3. A comprehensive sketch of the history of the Book Concern, from the pen of Bishop Waugh, is given in the volume before us. From that outline, and the more extended account in Dr. Bangs' History, vol. iv, we learn that between the years 1823 and 1828 there was a great expansion of the business of the Concern, to meet which a building was purchased in Crosby-street, and a printing office and bindery established on the premises. During this period Dr. Emory was junior book agent. But “this extension of business had not been accomplished without an increase of debt, and although there was now greater energy in the institution to effect its discharge, it may well be doubted whether this result would not have been wholly prevented by the system on which the business was conducted.”—P. 238.
The debt of the establishment in 1828 was $101,200 80, twothirds of which sum was at interest. Its nominal assets amounted to $456,898 30, of which only $59,772, 28 were in fixed capital, cash, and notes receivable; the remainder consisting of stock on hand, and accounts, mostly for books sent out from New-York on commission, from which immense deductions had to be made in order to any thing like a true estimate of their value. Indeed the
agents estimated the real capital of the establishment at only $130,002 02, we suppose, of course, exclusive of its debt. The commission system of business gave rise to a vast amount of credit to a multitude of persons throughout the land, and had it continued, this credit must have gone on increasing from year to year. No skill or industry could, under these circumstances, have paid the debts of the institution and kept up its capital. The inevitable alternative must have been, either the curtailment of the business or the destruction of the Concern. Dr. Emory proposed the bold, but necessary measure of an entire revolution in the mode of doing business, and suggested to his colleague the abolition of the commission system, and the adoption of one founded on the principle of actual sales for cash or its equivalent. In the language of Bishop Waugh,
“ The two great objects which Dr. Emory aimed to accomplish were, first, the extinguishment of the debts due from the Concem, and second, the actual sale of the stock on hand, and especially that part of it which was daily depreciating, because of the injuries which were constantly being sustained by it, in the scattered and exposed state in which most of it was found. The ability, skill, diligence, and perseverance which he displayed in the measures devised by him for the accomplishment of these objects, have seldom been equalled, and perhaps never surpassed by the most practiced business man.
His success was complete. Before the meeting of the General Conference he had canceled all the obligations of the institution which had been so opportunely intrusted to his supervision. He had greatly enlarged the annual dividends to an increased number of conferences. He had purchased several lots of ground for a more enlarged and eligible location of the establishment, and had erected a large four story brick building as a part of the improvements intended to be put on them, for the whole of which he had paid. It was his high honor, and also his enviable satisfaction, to report to the General Conference, for the first time, that its Book Concern was no longer in debt."
Such were the immediate results of Dr. Emory's agency. We have one word more to say of it. The energy, efficiency, and method which he infused into all the operations of the Concern remain to this day. He has left his mark upon it. His admirable plans had only to be carried out to place the establishment beyond the reach of ordinary contingences. His able successors have done their work in his spirit, and developed the resources of the institution to an extent formerly unhoped for; so that it has stood the ordeal of an immense loss by fire, and of a long period of commercial distress, without even shaking; and to-day it is, to the best of our knowledge, the greatest book-making and book-selling establishment in America.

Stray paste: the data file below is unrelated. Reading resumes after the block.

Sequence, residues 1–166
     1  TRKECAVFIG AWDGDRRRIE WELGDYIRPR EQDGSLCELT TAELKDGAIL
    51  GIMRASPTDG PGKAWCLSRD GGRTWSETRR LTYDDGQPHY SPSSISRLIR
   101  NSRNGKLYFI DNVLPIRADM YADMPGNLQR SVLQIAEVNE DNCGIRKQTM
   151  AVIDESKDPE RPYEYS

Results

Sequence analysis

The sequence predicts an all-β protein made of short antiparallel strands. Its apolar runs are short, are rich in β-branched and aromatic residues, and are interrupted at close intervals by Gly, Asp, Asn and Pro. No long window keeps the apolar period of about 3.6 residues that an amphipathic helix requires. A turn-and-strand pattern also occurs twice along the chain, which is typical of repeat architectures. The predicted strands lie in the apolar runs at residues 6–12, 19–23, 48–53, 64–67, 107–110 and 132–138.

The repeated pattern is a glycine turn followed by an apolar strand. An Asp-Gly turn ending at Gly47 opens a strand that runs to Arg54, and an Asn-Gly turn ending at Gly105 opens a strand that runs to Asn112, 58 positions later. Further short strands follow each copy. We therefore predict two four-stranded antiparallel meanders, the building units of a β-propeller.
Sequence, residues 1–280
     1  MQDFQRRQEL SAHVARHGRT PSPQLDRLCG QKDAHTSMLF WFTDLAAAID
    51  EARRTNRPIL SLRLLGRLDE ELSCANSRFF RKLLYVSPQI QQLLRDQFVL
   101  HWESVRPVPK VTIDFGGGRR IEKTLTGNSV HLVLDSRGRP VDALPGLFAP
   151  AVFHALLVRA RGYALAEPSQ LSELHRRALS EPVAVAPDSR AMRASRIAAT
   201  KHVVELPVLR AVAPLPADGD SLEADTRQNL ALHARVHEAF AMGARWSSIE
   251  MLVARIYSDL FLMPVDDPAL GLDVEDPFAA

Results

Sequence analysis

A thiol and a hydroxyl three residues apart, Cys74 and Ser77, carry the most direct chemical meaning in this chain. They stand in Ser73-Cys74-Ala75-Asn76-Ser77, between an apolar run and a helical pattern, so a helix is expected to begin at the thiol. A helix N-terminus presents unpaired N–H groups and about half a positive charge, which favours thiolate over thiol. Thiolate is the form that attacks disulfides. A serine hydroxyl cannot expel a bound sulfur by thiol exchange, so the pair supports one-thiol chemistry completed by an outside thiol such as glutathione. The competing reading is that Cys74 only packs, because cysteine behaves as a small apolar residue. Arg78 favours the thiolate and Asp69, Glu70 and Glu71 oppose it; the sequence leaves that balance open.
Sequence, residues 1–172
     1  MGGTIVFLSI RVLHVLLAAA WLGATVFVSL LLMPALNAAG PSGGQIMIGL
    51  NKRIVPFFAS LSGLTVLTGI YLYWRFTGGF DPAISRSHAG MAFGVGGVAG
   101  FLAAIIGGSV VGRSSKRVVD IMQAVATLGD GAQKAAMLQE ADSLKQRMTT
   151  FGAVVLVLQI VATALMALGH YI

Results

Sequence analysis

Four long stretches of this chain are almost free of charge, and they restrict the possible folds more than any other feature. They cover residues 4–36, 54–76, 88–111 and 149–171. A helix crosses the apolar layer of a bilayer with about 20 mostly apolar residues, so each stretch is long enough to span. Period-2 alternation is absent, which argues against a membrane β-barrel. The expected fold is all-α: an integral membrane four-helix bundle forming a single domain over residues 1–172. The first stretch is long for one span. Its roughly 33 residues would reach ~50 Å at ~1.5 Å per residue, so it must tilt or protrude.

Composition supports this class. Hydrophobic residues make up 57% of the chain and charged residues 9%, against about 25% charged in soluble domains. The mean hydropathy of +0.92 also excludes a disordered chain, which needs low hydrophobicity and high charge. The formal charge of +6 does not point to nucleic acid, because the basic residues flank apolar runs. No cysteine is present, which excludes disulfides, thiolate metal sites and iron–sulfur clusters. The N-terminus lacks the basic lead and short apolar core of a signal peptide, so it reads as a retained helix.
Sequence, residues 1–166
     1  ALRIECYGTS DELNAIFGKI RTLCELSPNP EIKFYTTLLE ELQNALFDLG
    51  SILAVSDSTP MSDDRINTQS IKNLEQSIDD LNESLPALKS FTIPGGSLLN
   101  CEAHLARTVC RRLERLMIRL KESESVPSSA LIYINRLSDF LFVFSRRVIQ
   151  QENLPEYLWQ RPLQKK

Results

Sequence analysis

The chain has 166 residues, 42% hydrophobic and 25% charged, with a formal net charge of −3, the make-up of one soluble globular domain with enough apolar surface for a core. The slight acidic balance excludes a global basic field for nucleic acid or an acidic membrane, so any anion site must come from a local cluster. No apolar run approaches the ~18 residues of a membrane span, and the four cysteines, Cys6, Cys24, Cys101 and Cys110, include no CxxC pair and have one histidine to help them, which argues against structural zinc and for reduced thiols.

4. The cause of education always lay near Bishop Emory's heart. His share in the organization of the New York University, the Wesleyan University, and Dickinson College, evince the interest that he took in general education. In addition to this he drew up the outline of a plan for an education society in the Methodist Episcopal Church, which he designed to aid our ministers and others in educating their sons, and which, we hope, will yet be made the basis of such a society among us. But his efforts for the improvement of the ministry deserve more than a passing notice. Though the education of its ministers had always been an object with the church, its plans for that purpose had always been defective, and were imperfectly carried out. Soon after his election to the episcopacy, Dr. Emory devised a course of study for candidates for deacons' and elders' orders, in which, with his usual discretion, he did not hazard every thing by attempting too much. In due time the course will doubtless be greatly enlarged, and its natural result will be an elevation of the standard of ministerial knowledge among us, corresponding, partially at least, with the general advance of society. In some sections of the country the movement will be more rapid than in others, but we have no doubt whatever that the church will ultimately settle down upon the plan of our British brethren, or upon some better one, for the theological training of its candidates. We have no doubt, either, that Bishop Emory foresaw this result, and would have hastened it had he lived.
5. Dr. Emory's career in the episcopacy was brief, but brilliant. His appointment was hailed with joy throughout the connection. Great expectations were indulged ; and we believe that in the three episcopal tours which he was allowed to make, they were entirely satisfied. His powers as a presiding officer were tried on the last night of the General Conference of 1832, when he occupied the chair, and gained the admiration of the delegates as well as of the immense concourse of spectators, by the dignity and firmness with which he discharged its duties. Dignity, indeed, was part of his nature, and it could not forsake him. “I hurry nothing, but endeavor to keep strict order, and every man close to business," was a statement, by himself, of his method of doing business, and admirably did he carry it out. His efforts for educating the candidates for orders have already been noticed ; he formed a plan, also, for training the local preachers, which, with an argument for the four years' course of study for the traveling preachers, is set forth in his excellent address to "the Preachers within the Virginia, Baltimore, Philadelphia, New York, New